Previewing the Trump administration’s Missile Defense Review

Cover of a silo housing a ground-based interceptor missile at the Ft. Greely missile defense complex in Fort Greely, Alaska, U.S., April 26, 2018. (REUTERS/Mark Meyer)

The Trump administration rolled out a series of national security and defense policy reviews in late 2017 and early 2018, but one important document has yet to be published: the Missile Defense Review (MDR). Insiders predict the MDR could be published as early as next month, so what can we expect?

It is likely that the MDR will call for a robust US missile defense system that looks to substantially increase US capabilities. As US President Donald J. Trump stated on August 23, 2017: “We are committed to expanding and improving a state of the art missile defense system to shoot down missiles in flight. And we are getting better and better at it. It’s actually incredible what’s taking place.”

In light of the growing missile threat posed by adversarial states to the United States and its allies, the approach Trump described is the correct one. Of foremost concern is North Korea, which is on the verge of acquiring the ability to hold the US homeland at risk with the threat of nuclear war.

While there is hope that North Korean leader Kim Jong-un will follow through on his promises to denuclearize the peninsula, there is good reason to be skeptical of his claims. The Trump administration has made it clear that the United States will not alter its approach or ease pressure on Pyongyang until complete, verifiable, and irreversible disarmament has been achieved.

Therefore, the Trump administration’s MDR will likely prioritize defense of the US homeland and the Ground-Based Midcourse Defense (GMD)—the only missile defense interceptors designed to defend attacks against the continental United States. The MDR will likely also allocate funds to new technologies, including directed-energy systems and space-based sensors.

A strengthened US missile defense system will contribute to the deterrence of a North Korean attack on the United States by increasing the probability that any attack would be thwarted. Should Kim choose to launch an attack anyway, the system will save American lives. US missile defense systems can also contribute to the assurance of US allies in Asia by making it clear that the United States can protect Japan and South Korea while running few, if any, risks of attack against the US homeland.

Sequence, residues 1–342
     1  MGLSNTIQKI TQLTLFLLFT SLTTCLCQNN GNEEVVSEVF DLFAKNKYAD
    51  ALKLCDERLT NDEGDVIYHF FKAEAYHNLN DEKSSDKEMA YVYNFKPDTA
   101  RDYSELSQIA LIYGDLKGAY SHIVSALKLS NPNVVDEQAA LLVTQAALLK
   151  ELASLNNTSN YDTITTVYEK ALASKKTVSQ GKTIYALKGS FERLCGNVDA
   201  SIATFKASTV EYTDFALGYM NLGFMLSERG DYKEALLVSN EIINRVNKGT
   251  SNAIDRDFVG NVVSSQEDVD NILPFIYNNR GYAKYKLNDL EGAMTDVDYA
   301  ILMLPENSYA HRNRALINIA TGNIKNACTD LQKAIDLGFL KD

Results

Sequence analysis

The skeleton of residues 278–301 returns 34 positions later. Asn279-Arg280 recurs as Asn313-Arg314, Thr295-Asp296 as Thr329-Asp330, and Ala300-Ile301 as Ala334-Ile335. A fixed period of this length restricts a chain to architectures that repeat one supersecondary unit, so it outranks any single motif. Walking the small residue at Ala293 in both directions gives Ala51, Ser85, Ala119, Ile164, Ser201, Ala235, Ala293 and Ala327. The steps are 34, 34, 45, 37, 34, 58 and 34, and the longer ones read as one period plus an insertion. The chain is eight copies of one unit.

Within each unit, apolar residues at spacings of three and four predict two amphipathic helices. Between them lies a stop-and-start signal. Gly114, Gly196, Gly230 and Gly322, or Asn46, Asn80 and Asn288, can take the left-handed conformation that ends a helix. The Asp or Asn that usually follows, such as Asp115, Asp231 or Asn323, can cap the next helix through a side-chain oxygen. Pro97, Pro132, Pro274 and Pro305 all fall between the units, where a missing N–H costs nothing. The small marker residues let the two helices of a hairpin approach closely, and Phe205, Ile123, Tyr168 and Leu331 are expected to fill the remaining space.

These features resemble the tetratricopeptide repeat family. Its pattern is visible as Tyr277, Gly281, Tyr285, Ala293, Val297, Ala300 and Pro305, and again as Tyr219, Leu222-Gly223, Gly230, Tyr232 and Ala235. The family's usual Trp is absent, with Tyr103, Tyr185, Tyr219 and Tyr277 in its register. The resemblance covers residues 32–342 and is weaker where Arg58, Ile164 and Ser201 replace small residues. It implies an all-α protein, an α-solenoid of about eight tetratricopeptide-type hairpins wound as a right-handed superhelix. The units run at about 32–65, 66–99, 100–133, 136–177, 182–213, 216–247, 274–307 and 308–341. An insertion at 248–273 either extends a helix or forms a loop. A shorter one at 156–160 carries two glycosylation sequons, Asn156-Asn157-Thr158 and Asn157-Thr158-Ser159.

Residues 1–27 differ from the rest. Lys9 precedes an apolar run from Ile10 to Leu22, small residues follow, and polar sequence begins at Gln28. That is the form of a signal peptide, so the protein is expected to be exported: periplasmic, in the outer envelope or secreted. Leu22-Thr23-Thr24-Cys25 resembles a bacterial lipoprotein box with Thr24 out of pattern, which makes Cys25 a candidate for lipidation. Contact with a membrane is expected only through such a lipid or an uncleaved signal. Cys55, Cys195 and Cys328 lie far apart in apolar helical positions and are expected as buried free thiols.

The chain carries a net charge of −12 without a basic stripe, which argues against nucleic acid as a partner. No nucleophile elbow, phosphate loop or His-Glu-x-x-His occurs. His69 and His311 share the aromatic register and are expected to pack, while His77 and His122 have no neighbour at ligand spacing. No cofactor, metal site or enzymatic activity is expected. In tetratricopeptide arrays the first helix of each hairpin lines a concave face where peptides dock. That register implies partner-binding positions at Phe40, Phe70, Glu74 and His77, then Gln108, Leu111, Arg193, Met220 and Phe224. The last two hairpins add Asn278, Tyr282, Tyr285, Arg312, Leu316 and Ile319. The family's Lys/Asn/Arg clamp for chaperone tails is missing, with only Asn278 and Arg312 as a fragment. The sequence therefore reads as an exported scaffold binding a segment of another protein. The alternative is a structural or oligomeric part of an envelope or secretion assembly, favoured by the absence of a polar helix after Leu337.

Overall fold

Moreover, US missile defense systems cannot remain static; they need to evolve to ensure continued escalation dominance over North Korea. As Chairman of the Joint Chiefs of Staff General Joseph Dunford, said, “As the capacity of the threat increases…we need to be concerned about ensuring that our ballistic missile defense capability keeps pace with that [threat].”

“We do think an increase is warranted,” he added.

Critics will argue that missile defenses do not work by pointing to an imperfect test record, but US missile defenses continue to improve in terms of technical capability and success rates. Moreover, even a partially effective defense complicates enemy calculations, requiring adversaries to calculate potential success.

Missile defenses are not intended to provide a perfect defense on their own, but to work in conjunction with other systems, including offensive strike capabilities to blunt an impending attack. As Trump argued, “We will develop new surveillance and long-range strike capabilities to prevent our enemies from launching [missiles] in the first place.”

If the prospect of deterrence and defense are not convincing enough, other critics will claim that missile defenses are not cost effective because offensive missiles are cheaper than defensive ones. This may be true for great-power competitors like Russia and China, but there is little doubt the United States can compete and win in an arms race with North Korea. 

As a final objection, some will argue that missile defenses are “destabilizing,” and they increase the risk of nuclear war. However, as explained above, US missile defenses deter US adversaries by forcing hostile nations to adjust their risk calculus when contemplating a strike on the United States. Improved missile defenses would also provide Washington with the freedom to take military action when necessary to defend its interests. If missile defense systems can create these circumstances, then this is the sort of instability that should be welcomed.

After years of underfunding the only systems that ensure national survival against the most dangerous strategic attacks, there is reason to believe the forthcoming MDR will set US missile policy on an improved trajectory by expanding existing defenses and researching next-generation technologies. At a minimum, recent administration statements provide some reason for optimism. Still, as Trump often says, “we’ll see what happens” when the MDR is published in the coming weeks.

Matthew Kroenig is deputy director in the Scowcroft Center for Strategy and Security at the Atlantic Council, an associate professor of government and foreign service at Georgetown University, and the author of The Logic of American Nuclear Strategy. You can follow him on Twitter @kroenig.